The SIMIT Project aimed at developing an integrated civil protection network between the Sicilian and Maltese bodies involved in the risk forecast, prevention and mitigation processes, and moreover in the planning and management of emergencies, to be further extended to the cross border countries.
- The 36th General Assembly of the European Seismological Commission
The SMRG was chosen to host the 36th General Assembly of the European Seismological Commission. The conference was held in the Mediterranean Conference Centre in Valletta from 2 to 7 September 2018. The final number of participants was a record 802. A Young Scientist Training Course was also held the week in the preceding week
The SMRG actively participates in Science in the City which is part of the EU-wide event: ‘European Researchers’ Night’, which takes place in over 30 countries and 300 cities simultaneously. Every year the SMRG comes up with different activities for kids and adults to learn about the field of seismology whilst having fun.
Members of the SMRG participate in outreach activities all year round and also host students of various ages at their laboratory. Visitors can see the real-time monitoring system, instruments used in seismic exploration techniques and also learn about the world of seismology. If you would like to organise a lab tour, you can contact us for more information.
- Georisks in the Mediterranean and their mitigation conference
“Georisks in the Mediterranean and their mitigation” was the theme of a 2-day international conference hosted by the University of Malta on the 20-21 July at Valletta Campus. Close to a hundred participants from 14 countries in Europe and North Africa came together to present their recent research and discuss a range of natural hazards, vulnerability and risk mitigation measures in, and beyond, the Mediterranean. The first day of the meeting was dedicated to the geology and geophysics of the Central Mediterranean, and the evaluation of hazard from earthquake, landslide and tsunami events, with a keynote presentation by Dr Damiano Pesaresi from OGS, Trieste about Regional seismic networks and Earthquake Early Warning systems. The second day focussed on the seismic vulnerability and risk assessment of buildings, urban areas and built heritage, as well as civil protection issues. A keynote presentation was delivered by Prof Andreas Kappos, of City University London, about fragility curves of masonry buildings. The whole conference was characterised by an interdisciplinary nature and the recognition that the understanding of, and damage mitigation from such events must necessarily rely on the close collaboration of the various disciplines.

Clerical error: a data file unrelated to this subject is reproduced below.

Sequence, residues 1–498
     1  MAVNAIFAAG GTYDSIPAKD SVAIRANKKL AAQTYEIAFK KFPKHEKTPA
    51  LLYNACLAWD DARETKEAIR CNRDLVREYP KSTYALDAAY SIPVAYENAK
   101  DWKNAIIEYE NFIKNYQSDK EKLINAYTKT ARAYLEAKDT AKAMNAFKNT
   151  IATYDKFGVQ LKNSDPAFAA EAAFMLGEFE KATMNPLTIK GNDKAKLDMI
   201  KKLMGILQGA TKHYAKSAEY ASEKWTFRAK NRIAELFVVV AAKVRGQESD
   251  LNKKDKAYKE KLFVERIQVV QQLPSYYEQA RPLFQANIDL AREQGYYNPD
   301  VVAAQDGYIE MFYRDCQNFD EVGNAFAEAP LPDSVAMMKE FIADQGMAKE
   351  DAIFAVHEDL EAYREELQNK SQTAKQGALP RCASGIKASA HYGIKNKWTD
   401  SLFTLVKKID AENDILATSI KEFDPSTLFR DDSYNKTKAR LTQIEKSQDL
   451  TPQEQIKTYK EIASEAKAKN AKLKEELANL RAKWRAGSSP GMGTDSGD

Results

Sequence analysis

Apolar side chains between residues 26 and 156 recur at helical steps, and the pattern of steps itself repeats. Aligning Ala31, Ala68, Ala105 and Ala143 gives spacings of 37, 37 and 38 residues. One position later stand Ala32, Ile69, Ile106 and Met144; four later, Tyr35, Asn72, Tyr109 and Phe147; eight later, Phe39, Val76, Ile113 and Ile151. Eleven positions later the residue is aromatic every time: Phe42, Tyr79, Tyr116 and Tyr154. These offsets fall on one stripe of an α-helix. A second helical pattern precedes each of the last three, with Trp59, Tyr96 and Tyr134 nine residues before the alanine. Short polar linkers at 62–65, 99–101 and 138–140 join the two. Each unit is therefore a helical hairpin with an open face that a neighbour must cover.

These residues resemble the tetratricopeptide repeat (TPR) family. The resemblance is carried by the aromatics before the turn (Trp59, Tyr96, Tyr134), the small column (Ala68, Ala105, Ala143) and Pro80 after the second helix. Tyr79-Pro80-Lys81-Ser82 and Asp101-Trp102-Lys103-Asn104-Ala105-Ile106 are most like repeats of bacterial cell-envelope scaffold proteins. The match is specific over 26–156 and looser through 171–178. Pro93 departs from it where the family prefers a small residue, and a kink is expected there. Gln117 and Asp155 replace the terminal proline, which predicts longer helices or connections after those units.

The conference was an activity of the project SIMIT (Integrated Civil Protection System for the Italo-Maltese Cross-Border Area), a €2.5 million Strategic Project funded by the Italia-Malta 2007-2013 Operational Programme. It is led by the Regional Civil Protection Department of Sicily, while the other partners are the Universities of Palermo and Catania, the Civil Protection Department of Malta and the University of Malta. SIMIT is working towards the establishment of an integrated system which will facilitate the evaluation, forecasting, prevention and mitigation of losses from geological hazards affecting the Sicily Channel. This is being done through a virtual common operations room, comprising efficient networking and a dedicated portal for rapid exchange of information. It will also concentrate on the dissemination of a culture of risk awareness and emergency management procedures. The University of Malta is participating through the Department of Geosciences in the Faculty of Science and the Departments of Civil and Structural Engineering and of Construction and Property Management, Faculty of the Built Environment.